Adoption Reunions were hardly heard of before the early 1980’s when the talk show hosts started putting biological families back together in front of a live studio audience, broad-casted at 4:00 p.m. coast-to-coast. There was no bigger leader in the reunion shows then Oprah.
At that time I was married to an adopted man. We were only 18 and 19 when we got married and we had two children by the time we were 23 years old. My ex-husband had been adopted during the early 1960’s when everything about adoption was very different. Back then there was a real good chance an adopted child might not even be told they were adopted. Pregnant women were pressured into placing their babies for moral reasons and everything was kept a secret.
In the early 1980’s things really started to change, in part because society was witnessing all of these remarkable reunions televised in great fan fair. It started to become nearly a requirement for adopted people to want to search and reunite. Almost the first questions my ex-husband would be asked was, “Have you found your real mother yet?”
I recall, watching the reunion shows with great interest. My ex-husband had said he was not interested in searching and I respected him for the choice he made. However, it was very clear most of our 14 year marriage that he did have adoption related issues. It was also very interesting to be the mother of children who had an adopted father. While we did have half of the family medical history and genealogy we didn’t have the other half.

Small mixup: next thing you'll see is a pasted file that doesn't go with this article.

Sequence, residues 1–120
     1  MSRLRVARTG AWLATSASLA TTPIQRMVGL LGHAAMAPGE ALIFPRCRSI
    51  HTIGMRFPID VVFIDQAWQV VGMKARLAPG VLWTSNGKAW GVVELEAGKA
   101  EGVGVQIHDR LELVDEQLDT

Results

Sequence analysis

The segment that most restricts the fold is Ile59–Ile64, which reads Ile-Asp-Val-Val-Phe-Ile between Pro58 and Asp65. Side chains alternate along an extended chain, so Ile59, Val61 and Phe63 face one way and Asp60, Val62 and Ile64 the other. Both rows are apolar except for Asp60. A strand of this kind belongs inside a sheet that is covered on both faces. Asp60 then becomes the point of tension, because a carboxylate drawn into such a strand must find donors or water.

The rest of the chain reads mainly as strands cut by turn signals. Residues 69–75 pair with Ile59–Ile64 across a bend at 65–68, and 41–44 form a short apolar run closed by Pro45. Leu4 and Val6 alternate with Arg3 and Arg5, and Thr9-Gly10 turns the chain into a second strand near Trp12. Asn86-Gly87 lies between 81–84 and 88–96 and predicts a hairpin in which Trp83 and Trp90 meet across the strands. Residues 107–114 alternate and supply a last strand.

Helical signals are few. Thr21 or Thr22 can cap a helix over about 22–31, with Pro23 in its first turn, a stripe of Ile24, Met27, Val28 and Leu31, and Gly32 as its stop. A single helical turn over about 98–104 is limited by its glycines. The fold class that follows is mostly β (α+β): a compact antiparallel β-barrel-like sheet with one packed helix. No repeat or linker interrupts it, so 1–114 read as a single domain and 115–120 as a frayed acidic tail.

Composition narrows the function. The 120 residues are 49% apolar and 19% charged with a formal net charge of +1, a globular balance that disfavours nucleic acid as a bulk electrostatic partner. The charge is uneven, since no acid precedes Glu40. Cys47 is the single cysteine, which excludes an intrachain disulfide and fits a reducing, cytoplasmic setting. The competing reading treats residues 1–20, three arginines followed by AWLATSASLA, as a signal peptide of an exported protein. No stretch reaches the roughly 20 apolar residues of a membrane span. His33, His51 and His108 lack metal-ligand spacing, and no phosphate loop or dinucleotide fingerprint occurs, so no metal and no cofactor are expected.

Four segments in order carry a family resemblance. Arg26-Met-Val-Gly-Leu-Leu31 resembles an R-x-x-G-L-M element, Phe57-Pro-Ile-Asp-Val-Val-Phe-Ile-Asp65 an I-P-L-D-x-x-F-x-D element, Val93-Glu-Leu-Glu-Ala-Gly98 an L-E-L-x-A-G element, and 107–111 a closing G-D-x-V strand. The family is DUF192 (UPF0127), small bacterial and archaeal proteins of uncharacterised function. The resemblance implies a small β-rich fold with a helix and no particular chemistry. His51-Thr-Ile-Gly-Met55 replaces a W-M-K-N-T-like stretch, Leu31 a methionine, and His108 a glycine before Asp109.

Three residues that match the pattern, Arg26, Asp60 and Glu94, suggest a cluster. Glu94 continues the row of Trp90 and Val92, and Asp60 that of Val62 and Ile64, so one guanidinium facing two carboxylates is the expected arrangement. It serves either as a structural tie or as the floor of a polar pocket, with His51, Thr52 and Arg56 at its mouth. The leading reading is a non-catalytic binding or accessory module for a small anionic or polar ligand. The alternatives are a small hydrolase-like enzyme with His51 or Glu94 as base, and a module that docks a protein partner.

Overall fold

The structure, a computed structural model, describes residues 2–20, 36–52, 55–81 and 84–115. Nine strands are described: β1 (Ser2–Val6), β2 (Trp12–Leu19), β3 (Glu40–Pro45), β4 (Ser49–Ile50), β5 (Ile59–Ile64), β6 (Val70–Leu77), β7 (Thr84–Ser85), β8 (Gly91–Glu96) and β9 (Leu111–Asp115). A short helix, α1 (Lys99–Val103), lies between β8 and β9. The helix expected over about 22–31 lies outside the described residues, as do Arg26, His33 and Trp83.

For the past year I have been witnessing a reunion from the distance so to speak. My ex-husband has located his biological parents and a full sibling sister. His birthparents married after he was born and placed for adoption and are still married today. Our children have been able to meet their biological grandparents and learn about their family history. There are family members my children say they look a lot like and that has been interesting for me.
I am thankful that today there is more awareness about openness in adoption. Birthparents are an important part of our children’s lives and as an adoptive parents I don’t worry about the future and any contact my children may have with their biological families. My job is to help them grow up safe, healthy and strong enough to face the whole truth about their lives and who they are. That includes the real possiblity they may want to reunite.